This paper presented two research questions. The first asked what were the forms found for operational validation of discrete simulation models in the literature. Through a summarized literature review in items 2 and 3 of this article, it was possible to verify that, in the scientific literature (specifically in the area of modeling and simulation), there are articles that use more subjective forms of operational validation, while others use more objective forms (statistical techniques). Moreover, among these articles, some (as shown) had no details of the operational validation. This survey underlines the need of a practical guide for operational validation.

The second question presented in this paper suggests the creation of a practical guide for operational validation. This guide was created and presented in item 4 of this article. This item also presented the application of the guide in two objects of study. Each step of the guide was presented and discussed within the situations encountered on the objects of study.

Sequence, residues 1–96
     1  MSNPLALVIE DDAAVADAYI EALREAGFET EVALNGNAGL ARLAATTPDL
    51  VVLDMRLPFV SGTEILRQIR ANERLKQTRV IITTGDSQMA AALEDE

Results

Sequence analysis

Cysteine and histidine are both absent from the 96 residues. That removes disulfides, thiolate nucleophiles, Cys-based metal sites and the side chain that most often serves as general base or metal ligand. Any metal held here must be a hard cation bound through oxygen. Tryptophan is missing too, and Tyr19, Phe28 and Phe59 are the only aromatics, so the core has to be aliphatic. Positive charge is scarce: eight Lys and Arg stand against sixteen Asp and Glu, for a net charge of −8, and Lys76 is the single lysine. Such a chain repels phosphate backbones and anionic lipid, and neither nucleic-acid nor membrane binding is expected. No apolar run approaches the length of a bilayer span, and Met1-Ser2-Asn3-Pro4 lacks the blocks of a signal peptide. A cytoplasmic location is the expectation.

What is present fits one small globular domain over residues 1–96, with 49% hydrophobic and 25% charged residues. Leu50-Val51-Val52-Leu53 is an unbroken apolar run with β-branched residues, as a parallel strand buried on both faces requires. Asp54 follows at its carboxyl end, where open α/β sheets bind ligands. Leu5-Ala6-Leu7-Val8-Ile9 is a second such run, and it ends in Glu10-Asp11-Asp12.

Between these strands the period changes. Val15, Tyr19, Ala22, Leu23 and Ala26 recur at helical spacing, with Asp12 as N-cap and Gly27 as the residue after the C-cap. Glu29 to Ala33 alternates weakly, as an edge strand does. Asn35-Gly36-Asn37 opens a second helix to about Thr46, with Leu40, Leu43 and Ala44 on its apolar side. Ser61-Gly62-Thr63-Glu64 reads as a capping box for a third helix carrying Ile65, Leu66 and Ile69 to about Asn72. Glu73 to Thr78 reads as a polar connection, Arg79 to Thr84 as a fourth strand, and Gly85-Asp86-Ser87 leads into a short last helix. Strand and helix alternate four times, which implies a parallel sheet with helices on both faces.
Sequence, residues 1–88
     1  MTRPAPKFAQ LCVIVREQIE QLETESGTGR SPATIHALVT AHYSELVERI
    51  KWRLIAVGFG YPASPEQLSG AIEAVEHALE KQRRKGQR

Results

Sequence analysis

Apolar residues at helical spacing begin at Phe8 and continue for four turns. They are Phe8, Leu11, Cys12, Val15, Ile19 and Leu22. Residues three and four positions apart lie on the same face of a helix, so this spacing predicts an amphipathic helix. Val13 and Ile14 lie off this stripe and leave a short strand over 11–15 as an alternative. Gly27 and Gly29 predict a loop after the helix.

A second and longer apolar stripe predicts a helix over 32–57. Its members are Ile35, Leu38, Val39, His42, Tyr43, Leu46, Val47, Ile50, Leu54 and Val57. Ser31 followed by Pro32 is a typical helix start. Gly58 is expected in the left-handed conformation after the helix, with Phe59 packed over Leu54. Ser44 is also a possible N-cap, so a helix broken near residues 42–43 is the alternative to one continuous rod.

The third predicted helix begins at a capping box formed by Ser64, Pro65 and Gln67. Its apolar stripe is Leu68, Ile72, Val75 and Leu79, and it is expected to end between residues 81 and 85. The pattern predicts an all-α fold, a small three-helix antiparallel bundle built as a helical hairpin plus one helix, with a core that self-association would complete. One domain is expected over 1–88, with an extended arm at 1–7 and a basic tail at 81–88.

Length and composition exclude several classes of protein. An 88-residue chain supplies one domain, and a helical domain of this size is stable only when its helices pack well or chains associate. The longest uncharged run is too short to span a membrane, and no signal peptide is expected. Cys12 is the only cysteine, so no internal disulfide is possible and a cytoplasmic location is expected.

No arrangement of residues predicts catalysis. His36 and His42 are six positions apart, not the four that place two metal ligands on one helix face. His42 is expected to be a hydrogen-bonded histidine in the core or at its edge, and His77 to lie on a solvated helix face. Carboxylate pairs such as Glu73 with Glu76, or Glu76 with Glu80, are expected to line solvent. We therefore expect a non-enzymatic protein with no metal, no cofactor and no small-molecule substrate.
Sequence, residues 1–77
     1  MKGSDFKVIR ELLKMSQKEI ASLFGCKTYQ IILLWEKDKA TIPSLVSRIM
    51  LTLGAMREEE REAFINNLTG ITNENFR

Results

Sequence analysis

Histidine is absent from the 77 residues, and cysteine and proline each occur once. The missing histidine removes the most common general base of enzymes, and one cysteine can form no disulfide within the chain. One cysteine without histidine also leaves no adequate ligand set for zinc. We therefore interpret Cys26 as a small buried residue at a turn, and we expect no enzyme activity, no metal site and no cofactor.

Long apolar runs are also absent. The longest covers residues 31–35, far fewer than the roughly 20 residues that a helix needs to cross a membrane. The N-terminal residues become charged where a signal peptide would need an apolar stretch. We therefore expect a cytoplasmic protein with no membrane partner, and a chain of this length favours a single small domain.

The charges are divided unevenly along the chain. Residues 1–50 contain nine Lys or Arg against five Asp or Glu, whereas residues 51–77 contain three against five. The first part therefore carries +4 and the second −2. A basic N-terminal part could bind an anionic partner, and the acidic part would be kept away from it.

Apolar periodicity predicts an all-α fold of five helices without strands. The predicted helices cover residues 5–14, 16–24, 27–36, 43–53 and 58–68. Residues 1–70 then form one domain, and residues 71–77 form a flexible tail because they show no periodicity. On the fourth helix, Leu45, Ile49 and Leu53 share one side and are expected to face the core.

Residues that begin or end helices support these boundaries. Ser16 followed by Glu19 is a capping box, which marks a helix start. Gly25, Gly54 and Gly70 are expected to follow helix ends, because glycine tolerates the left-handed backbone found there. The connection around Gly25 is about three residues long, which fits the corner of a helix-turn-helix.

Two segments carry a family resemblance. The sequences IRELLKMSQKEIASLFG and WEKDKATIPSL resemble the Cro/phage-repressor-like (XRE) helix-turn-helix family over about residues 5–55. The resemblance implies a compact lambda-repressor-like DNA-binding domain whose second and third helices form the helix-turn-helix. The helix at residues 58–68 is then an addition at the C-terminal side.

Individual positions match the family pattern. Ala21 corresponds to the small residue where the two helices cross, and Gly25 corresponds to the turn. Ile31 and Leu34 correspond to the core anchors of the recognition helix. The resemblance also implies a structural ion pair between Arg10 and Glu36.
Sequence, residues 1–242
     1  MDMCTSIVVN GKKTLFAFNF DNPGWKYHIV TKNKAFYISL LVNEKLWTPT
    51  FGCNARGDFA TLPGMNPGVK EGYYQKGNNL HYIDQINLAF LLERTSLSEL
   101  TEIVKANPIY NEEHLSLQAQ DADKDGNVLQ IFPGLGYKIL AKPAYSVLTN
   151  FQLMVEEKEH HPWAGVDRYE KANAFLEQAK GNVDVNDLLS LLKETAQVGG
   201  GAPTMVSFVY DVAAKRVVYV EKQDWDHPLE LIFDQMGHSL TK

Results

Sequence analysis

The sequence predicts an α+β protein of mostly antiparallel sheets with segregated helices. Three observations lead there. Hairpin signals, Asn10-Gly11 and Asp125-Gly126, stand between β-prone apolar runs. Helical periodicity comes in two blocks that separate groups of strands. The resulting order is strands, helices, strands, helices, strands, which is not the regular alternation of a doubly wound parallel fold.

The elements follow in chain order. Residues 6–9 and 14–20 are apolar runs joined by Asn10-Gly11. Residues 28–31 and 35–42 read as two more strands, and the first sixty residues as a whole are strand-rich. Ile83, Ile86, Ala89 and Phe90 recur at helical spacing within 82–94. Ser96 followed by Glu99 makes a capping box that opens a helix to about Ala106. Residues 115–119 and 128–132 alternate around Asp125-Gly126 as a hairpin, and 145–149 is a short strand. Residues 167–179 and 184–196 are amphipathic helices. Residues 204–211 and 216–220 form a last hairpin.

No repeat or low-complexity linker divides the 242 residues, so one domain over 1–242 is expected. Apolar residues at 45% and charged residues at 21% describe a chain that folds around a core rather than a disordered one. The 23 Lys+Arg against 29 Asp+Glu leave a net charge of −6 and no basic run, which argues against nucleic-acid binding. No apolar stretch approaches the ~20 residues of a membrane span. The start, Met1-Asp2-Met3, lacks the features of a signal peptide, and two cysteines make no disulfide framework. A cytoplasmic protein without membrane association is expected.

Although the techniques used in the guide already exist in the literature, they are scattered throughout publications in the field of statistics. The sequencing of these techniques, according to decisions to be made by those responsible for the modeling, composes this practical guide. The expected effect of the creation of this guide is not restricted only to aid the design of simulation in companies, but also in scholarly works. Several academic studies have been oriented by the authors of this paper using the guide. It is possible to conclude that of these orientations using the guide, there is a great increase in interest, on the part of students (undergraduate and graduate), in ensuring operational validation of their models in a documented way in their works.

The proposed use of the operational validation guide does not suggest the elimination of subjective techniques for validating the computational model. As presented in this article, techniques such as face-to-face validation and Turing test are used in articles published in journals and congresses. The combination of these subjective techniques with the use of the guide here presented may improve this difficult process of operational validation, considered by some authors (cited in this article) as a mixture of art and science.



The authors acknowledge the support from FAPEMIG and CNPQ, the covenant between UNIFEI and UNESP, and Padtec.



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Received July 2009 / Accepted August 2010